Next week, António Guterres will mark six months in what has been called “the most impossible job on earth,” the position of United Nations secretary-general. His tenure thus far has lived up to that billing: More than 20 million people are on the verge of famine, UN peacekeepers and investigators have been ambushed and killed in several missions, and the war in Syria grinds on, nearly half a million deaths later. Meanwhile, Guterres has sought with mixed success to build a relationship with Nikki Haley, United States President Donald Trump’s UN envoy, at a time of historic turbulence between the UN and its host and (for now) largest donor.
Upon arriving in Turtle Bay, Haley’s eyes turned quickly to reform of UN peacekeeping, its flagship and most costly enterprise. Although the president’s proposed budget recommends cutting more than $1 billion from the US peacekeeping bill, Haley claims she’s not interested in a “slash and burn” approach. She simply wants “better and smarter” missions. If so, one place that she and Guterres could find common cause is in increasing the number of women serving in UN peace operations.
Accumulating evidence demonstrates the unique role that women play in conflict prevention, peacekeeping, and peacebuilding. Not only can women perform the same roles as men, they can also deliver results that their male counterparts cannot. This is one conclusion from a recent Council on Foreign Relations discussion paper, How Women’s Participation in Conflict Prevention Advances U.S. Interests. To begin with, women peacekeepers help missions build stronger relationships with communities and gain more access to information than all-male contingents can deliver. They serve as role models, inspiring women in host countries to enter the security services themselves. Increasing the number of women in UN missions is also critical to ending a scourge of sexual exploitation and abuse by peacekeeping forces that causes tremendous suffering for its victims and diminishes the credibility UN peace operations globally.
Despite these advantages, women comprise a meager proportion of peacekeeping forces—less than 4% of soldiers and 10% of police deployed to UN missions. And the pace of change is achingly slow: 10 years ago the comparable figures were 2% and 6% respectively. Women make up a greater proportion of the UN’s deployed civilian staff, though, at 22%, they are still underrepresented, particularly at senior levels. The UN has repeatedly failed to meet its own pledges to achieve gender parity.
The issue came to the fore in last year’s race to become the next secretary-general, when candidates pledged to increase representation of women throughout the world body. Although the outcome disappointed those who had hoped for the first female secretary-general, Guterres himself won plaudits by quickly appointing three women to important positions, including Amina Mohammed of Nigeria as his deputy. Further, he pledged to appoint equal numbers of women and men to senior positions and committed to achieving gender parity in senior appointments by 2021. Work by the Center on International Cooperation suggests he is living up to his pledges. Guterres also issued a global call for nominations for candidates to lead peace operations, strongly encouraging member states to put forward women.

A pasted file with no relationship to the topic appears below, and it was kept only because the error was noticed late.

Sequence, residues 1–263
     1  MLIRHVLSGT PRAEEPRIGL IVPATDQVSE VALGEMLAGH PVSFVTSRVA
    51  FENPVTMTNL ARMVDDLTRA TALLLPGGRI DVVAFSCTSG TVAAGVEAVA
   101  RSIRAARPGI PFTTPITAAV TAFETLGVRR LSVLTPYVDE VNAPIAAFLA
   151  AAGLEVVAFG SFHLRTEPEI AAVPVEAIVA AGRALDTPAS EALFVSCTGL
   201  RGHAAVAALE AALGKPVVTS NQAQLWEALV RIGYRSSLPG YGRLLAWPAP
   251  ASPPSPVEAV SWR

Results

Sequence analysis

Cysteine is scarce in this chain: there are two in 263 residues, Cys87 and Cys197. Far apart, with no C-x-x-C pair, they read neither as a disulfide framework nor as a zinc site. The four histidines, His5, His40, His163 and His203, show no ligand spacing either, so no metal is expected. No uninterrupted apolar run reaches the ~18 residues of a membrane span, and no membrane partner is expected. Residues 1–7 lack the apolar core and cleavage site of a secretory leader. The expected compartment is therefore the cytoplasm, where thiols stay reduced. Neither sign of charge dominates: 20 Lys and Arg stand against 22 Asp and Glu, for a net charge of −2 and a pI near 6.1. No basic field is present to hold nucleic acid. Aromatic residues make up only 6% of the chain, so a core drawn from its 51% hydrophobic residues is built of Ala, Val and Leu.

Of course, righting the gender imbalance will require more. To that end, Guterres appointed a gender parity task force, which is set to deliver its recommendations to the UN General Assembly this fall. And last week, the UN’s Department of Field Support (DFS) reopened the Senior Women Talent Pipeline, an initiative to identify and recruit qualified senior-level women to apply for director-level positions in missions and to build a larger pool of female leaders within the UN. Although currently limited to women with 15 or more years of experience, the next phase of the pipeline will expand to include midcareer women. When DFS first opened the pipeline in 2014, 3,000 women applied, 150 of whom were accepted.
Although these steps on the civilian side are important, the vast majority of peacekeepers are uniformed troops and police. And, on this score, the UN’s performance remains unimpressive. The small numbers of female peacekeepers is not simply a function of the low proportion of women in national armed forces. At last year’s peacekeeping ministerial in London, member states pledged to do better. Canada, which hosts this year’s ministerial in November, has included gender as one of the meeting’s focus areas, consistent with the new feminist foreign aid policy the nation has just unveiled.
Experience shows that targeted programs by major UN member states can make a difference. Since 2005, the US Global Peace Operations Initiative has trained more than 6,500 female peacekeepers from other countries, increasing the number of women that partner countries now deploy. To build momentum, the UN may want to create incentives for troop contributing countries, including offering a premium to those that provide female peacekeepers. To reach its full potential, however, any gender rebalancing must be accompanied by broader changes to the culture of UN peacekeeping (as detailed by Sabrina Karim and Kyle Beardsley in Equal Opportunity Peacekeeping), so that the women brought into missions have true power to effect changes on the ground.
Haley is right to demand better performance from UN peacekeeping. Several large-scale missions are in crisis, threatening to undermine faith in the entire enterprise. These shortcomings will not be helped by drastic cuts in the number of blue helmets deployed globally. If Haley is truly interested in “better and smarter” peacekeeping, the place to begin is by increasing the number of women serving in all roles in those missions.